Fiscal Policy

The Infrastructure Bill Is Politically Complicated, but It Passes the Economic Test

Crews constructing a freeway overpass in San Diego, Calif., March 30, 2021. (Mike Blake/Reuters)
The infrastructure bill isn't perfect, but it's better than nothing.

When President Trump took office, he promised Americans a giant infrastructure bill. When I arrived as chairman of the president’s Council of Economic Advisers, I was immediately asked to build economic models evaluating the impact of the president’s plan, and spent countless hours in the Roosevelt Room helping the team design the proposal. Much of our work was memorialized in the 2018 Economic Report of the President, which dedicated a chapter to the issue.

As we dug into the data, the extent of investment and repair required by America’s infrastructure became more and more apparent. Between 1980 and 2016, for example, we found that vehicle miles traveled had more than doubled, while the number of miles of road was flat. We estimated that the lack of road increased congestion enormously, imposing a cost of $160 billion in 2016 alone. By 2019, that cost reached nearly $200 billion.

The problem was not just roads. Inland waterways in the U.S. are so congested, we found, that the typical tanker trip requires twice as much time as it did 20 years ago. As we looked around for strains in the system, it became obvious that the country fell short when it came to airport capacity, port capacity, pipelines and many other areas of what has traditionally been defined as infrastructure — a word that in the last six months has sometimes been stretched beyond recognition by the Biden administration.

And the big problems were easily traceable to money. Spending on infrastructure had clearly been crowded out over time by entitlement spending, dropping by about half a percent relative to GDP from its peak in the 1950s. And the funds were drying up fast. Real fuel-tax revenue, the funds directly earmarked for infrastructure spending, dropped about 50 percent since the 1990s and, because of electric cars, seemed likely to head towards zero.

Fixing this would, we estimated, have a sizable effect on GDP growth. Improvements in public capital added almost a percent a year to GDP between 1947 and 1973, but added almost nothing in the 2000s. Recapturing even a little bit of our infrastructure mojo could lead to sizable economic gains.

In these partisan times, it is easy to wake up in the morning and hate whatever it is your political rivals are doing. They often give you great cause to. But this bipartisan infrastructure bill is, for the most part, likely to be a small net positive for the economy. Our modeling suggested that President Trump’s $1.5 trillion plan would add between 0.1 and 0.2 percent per year to growth over the decade. The $550 billion plan, then, should be expected to have a proportionately smaller effect.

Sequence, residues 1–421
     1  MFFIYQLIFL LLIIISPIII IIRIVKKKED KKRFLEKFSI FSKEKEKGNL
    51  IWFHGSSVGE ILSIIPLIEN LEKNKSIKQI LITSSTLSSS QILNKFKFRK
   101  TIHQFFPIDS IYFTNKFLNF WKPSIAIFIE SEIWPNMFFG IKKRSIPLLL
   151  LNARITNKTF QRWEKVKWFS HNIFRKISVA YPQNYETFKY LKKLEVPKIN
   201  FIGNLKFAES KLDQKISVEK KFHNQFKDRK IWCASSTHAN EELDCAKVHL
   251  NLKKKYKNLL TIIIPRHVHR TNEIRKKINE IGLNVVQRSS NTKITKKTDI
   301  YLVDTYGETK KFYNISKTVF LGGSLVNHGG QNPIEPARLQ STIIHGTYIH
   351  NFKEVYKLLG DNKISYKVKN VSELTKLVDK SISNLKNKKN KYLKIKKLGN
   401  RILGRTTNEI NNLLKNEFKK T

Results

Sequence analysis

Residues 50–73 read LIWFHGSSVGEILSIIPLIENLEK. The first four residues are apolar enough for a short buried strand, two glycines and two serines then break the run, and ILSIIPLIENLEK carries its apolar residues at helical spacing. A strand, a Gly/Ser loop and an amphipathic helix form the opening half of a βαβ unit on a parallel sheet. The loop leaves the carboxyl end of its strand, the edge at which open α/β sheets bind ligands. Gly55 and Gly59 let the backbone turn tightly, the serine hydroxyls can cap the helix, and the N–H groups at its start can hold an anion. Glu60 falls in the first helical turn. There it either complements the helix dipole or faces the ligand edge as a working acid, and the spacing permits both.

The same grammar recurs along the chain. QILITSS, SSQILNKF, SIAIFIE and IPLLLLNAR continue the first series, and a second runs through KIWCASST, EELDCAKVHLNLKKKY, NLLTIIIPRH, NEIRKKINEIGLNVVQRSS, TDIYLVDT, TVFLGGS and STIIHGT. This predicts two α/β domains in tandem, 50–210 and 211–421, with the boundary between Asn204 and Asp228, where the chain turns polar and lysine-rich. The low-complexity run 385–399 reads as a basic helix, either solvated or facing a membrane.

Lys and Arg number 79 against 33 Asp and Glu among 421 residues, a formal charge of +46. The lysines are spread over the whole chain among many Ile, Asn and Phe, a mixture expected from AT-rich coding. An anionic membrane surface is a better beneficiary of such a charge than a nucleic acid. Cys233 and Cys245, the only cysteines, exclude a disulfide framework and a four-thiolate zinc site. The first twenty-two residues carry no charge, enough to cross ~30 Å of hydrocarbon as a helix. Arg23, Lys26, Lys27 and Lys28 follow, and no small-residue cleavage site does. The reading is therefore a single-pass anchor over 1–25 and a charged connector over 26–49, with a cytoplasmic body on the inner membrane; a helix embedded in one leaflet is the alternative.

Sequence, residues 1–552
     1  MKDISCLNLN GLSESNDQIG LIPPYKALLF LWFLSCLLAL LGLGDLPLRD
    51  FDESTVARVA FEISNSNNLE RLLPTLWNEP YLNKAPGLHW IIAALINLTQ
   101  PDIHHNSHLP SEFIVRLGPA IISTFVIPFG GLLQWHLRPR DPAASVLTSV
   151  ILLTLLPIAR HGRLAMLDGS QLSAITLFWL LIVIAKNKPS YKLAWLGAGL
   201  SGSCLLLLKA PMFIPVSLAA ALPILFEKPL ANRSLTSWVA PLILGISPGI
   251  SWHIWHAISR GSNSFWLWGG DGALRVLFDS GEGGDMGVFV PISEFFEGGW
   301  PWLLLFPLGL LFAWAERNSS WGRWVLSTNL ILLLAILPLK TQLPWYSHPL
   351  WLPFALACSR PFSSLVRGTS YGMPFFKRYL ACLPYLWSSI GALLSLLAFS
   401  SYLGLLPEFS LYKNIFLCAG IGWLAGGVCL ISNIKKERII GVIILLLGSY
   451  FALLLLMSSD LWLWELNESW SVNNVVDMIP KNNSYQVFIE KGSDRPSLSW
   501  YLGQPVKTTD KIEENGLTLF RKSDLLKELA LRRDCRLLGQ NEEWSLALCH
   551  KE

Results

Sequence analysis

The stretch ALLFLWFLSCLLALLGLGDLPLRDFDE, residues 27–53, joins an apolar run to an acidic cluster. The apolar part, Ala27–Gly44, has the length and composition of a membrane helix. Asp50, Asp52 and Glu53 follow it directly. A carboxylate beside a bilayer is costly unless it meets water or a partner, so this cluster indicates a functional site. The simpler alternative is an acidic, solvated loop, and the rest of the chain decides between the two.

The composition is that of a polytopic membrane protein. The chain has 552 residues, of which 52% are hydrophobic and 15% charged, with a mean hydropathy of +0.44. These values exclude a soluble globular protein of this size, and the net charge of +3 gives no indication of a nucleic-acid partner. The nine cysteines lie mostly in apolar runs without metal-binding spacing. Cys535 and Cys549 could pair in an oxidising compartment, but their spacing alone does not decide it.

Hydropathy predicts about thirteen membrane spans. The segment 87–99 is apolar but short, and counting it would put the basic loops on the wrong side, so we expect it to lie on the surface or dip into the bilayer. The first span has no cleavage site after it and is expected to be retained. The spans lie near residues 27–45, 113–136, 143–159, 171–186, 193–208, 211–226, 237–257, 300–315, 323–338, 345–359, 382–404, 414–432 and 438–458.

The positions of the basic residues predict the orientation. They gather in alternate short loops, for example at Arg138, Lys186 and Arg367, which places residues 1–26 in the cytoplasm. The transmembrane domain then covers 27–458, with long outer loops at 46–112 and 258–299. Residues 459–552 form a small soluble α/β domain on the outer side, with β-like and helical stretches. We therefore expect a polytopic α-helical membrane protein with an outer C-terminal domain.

To be sure, there are things in the bill that would never have been part of a purely Republican bill, and rightly so, especially the massive increase in spending for Amtrak. But the bill does allocate $110 billion to roads, $40 billion to bridge repair, $11 billion to improved safety, $65 billion to broadband, $17 billion to ports, and $25 billion to airports. Given the sorry state of each of these, even inefficient projects are likely to pass a reasonable cost-benefit analysis.

The bill will increase the deficit, a problem that is significant and likely to put added stress on the Treasury market (even more so, of course, if it paves the way for a second, much larger bill, as Brian Riedl discussed on Capital Matters here). But the other concern raised by opponents, that the spending will feed inflation, is simply a red herring. While inflation does appear slated to increase substantially, the infrastructure bill will not drive prices up further.

There are two reasons why this package is no big deal for inflation. First, the small growth effect cited above will partially offset growth in deficits and the monetary base. Second, infrastructure funds are spent over a relatively long time period. Just about every project will require approval from numerous government agencies that are currently run by regulation-loving Democrats. Permit delays will likely break all known world records. By the time the biggest effect of the bill kicks in, the Fed will surely have cracked down on inflation. Moody’s Mark Zandi has estimated that the peak economic effect of the bill will come in 2025. That seems a tad optimistic to me.

There may well be political reasons to object to this bill. Put bluntly, and as has been argued on NR, are those Republicans who are backing this legislation making it much easier for the president to pursue the more ruinous aspects of his agenda this Fall? Quite possibly so, for both technical reasons (it might open up the opportunity for the Democrats to maneuver around the filibuster) and as a simple matter of the momentum it creates. However, looked at solely on its economic merits, the bill, although far from perfect, is better than nothing.

Kevin A. Hassett served in the Trump administration as a senior adviser to the president and is a former chairman of the Council of Economic Advisers. He is the senior adviser to National Review's Capital Matters, a new initiative focused on financial and economic coverage, and is the Vice President of the Lindsey Group.


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